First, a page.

Big Pot of Beans
Yield: Makes ~1 1/2 quarts
Start with a visit to PCC's bulk department, where you'll find a terrific variety of beans. Cook up a savory batch using the basic recipe below, or try one of the fun variations. Enjoy them as a delicious, nutritious meal and you'll also have leftovers for a variety of quick and economical dishes.
Rinse beans and remove any rocks or residue. Combine them with 8 cups water in a large pot. Let stand at least 6 hours, or overnight. Drain beans, then rinse them.
Place soaked beans and water in a large pot. Simmer beans gently, stirring occasionally, until they're tender, about 1 1/2 hours. Season generously with salt and pepper.
Some variations on the basic recipe:
Power Beans: Cook a 4- to 5-inch piece dried kombu in with the beans. When the beans are done, cut the kombu into thin strips and stir it back into the beans.
Beans with Aromatic Vegetables: Add about 1 1/2 cups total chopped fresh vegetables, such as onion, carrot, celery or fennel in any combination.
Cuban Black Beans: Add 1 chopped onion, 1 teaspoon ground cumin, 2 tablespoons fresh oregano and 4 cloves chopped garlic to black beans in the original recipe. Sprinkle with lime juice after cooking.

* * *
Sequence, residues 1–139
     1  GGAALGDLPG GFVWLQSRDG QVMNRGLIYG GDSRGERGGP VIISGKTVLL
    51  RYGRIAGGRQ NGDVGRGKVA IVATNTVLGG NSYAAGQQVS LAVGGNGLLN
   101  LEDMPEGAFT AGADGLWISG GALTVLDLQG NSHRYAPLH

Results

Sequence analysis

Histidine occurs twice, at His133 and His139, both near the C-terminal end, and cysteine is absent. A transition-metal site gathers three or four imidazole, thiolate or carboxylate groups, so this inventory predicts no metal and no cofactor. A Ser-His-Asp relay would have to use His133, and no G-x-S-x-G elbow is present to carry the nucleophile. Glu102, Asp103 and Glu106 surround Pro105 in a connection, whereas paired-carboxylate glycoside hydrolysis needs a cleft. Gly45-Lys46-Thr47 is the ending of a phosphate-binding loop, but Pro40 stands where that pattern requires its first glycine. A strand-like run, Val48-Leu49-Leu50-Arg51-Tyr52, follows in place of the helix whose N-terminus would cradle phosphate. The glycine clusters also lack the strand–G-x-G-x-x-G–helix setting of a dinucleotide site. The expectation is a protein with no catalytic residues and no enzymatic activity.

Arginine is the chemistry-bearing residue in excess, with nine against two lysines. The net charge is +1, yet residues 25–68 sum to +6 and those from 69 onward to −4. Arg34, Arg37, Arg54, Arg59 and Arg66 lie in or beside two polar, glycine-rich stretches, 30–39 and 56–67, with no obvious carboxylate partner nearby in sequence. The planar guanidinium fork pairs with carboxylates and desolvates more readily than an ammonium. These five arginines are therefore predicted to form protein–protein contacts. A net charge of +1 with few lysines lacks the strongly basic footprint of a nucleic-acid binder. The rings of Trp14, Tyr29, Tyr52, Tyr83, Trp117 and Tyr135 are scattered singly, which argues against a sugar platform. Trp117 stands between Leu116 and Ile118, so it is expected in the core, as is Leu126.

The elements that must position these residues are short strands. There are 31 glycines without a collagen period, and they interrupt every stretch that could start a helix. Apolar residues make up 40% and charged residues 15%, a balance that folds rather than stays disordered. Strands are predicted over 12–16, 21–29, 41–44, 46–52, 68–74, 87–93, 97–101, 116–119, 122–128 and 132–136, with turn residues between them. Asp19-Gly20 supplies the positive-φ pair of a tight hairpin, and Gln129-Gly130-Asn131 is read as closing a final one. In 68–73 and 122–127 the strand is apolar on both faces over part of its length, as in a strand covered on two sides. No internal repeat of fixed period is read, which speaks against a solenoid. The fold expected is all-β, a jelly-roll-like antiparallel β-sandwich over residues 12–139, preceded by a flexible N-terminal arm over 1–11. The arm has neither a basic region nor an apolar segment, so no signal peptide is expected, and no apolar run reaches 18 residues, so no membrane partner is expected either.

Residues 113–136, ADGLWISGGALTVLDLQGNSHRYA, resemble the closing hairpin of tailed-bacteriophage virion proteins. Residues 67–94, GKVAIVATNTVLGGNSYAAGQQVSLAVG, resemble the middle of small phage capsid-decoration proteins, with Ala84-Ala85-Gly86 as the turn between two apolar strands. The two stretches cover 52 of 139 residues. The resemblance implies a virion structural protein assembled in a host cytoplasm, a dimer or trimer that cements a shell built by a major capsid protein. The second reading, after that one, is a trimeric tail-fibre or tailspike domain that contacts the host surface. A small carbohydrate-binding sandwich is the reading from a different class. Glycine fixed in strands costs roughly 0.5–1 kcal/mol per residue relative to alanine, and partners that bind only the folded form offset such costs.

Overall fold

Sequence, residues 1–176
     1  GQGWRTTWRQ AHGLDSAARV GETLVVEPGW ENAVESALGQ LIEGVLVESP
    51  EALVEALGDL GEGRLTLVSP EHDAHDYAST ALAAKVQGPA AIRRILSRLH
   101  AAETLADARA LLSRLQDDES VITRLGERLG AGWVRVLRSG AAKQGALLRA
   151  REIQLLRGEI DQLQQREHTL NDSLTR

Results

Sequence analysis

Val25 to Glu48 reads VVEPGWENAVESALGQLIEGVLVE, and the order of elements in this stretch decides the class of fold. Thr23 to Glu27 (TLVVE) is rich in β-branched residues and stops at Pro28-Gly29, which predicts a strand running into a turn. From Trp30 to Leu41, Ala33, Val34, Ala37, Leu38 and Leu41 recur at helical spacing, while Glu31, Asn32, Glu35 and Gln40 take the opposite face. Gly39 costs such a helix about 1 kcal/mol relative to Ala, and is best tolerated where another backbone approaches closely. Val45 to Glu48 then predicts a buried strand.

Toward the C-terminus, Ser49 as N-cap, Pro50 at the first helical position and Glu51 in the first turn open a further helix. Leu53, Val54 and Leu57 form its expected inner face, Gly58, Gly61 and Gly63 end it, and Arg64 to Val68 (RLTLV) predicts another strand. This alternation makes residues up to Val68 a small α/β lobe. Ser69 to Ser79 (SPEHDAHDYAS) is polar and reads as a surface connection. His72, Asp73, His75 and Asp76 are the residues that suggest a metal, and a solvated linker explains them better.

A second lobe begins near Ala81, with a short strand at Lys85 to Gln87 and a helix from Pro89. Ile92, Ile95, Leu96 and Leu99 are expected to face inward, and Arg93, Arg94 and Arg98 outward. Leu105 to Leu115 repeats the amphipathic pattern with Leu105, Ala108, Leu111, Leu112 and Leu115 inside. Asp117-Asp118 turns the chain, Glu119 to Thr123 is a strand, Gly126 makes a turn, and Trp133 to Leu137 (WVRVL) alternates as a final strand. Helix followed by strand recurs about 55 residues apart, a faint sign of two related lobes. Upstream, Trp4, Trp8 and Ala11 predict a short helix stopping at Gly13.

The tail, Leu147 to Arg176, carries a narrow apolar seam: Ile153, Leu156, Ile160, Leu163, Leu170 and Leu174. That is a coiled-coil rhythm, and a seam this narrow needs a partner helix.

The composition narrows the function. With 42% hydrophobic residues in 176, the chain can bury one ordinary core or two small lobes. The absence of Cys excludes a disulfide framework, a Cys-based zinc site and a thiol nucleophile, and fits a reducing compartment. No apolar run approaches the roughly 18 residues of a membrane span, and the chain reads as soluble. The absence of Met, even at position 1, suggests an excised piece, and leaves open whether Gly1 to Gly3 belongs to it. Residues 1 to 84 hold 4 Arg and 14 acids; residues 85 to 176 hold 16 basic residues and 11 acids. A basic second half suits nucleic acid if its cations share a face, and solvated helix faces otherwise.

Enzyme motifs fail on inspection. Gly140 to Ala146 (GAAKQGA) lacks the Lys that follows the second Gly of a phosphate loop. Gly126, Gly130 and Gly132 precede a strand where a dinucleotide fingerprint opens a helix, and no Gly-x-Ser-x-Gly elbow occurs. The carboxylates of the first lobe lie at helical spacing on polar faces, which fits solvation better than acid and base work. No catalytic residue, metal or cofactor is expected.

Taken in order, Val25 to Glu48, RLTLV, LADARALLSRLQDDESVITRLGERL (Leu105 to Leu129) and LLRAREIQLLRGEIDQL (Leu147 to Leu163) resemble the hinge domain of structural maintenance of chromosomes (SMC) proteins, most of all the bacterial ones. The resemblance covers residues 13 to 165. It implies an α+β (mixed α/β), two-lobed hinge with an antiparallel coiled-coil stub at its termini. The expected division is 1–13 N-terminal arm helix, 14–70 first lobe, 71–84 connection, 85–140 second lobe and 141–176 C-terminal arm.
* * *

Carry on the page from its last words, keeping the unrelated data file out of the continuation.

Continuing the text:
Southern-style Beans: Use navy beans or black-eyed peas. Add 1 smoked turkey leg, 1 cup chopped onion and 1 small can chopped tomatoes. Shred the turkey meat after the beans are cooked and add it back to the pot.
Beans and Greens: Fold 4 cups chopped leafy greens into the beans in the last 10 minutes of cooking. Season with a little balsamic vinegar.
Recipe by, PCC Chef
ABOUT OUR CHEF: Lynne Vea
Lynne Vea is a graduate of the Executive Chef Program at Le Cordon Bleu, Paris and has been cooking with PCC Natural Markets since 2001. Featured on King-5’s "Gardening with Ciscoe," she demonstrates easy and delicious recipes using seasonal ingredients.
Lynne is an admired PCC Cooks instructor, teaching a variety of popular PCC Cooks classes throughout the year.
She loves to collect old cookbooks, hunt for wild berries, and cook seven-course dinners where the guests are encouraged to dance and cavort between courses.
Find more recipes from Lynne.
Learn more about our recipes. View guidelines »